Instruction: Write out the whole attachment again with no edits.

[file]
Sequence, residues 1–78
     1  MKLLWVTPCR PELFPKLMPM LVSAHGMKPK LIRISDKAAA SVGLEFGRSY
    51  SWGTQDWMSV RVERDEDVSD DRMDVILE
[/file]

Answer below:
Sequence, residues 1–78
     1  MKLLWVTPCR PELFPKLMPM LVSAHGMKPK LIRISDKAAA SVGLEFGRSY
    51  SWGTQDWMSV RVERDEDVSD DRMDVILE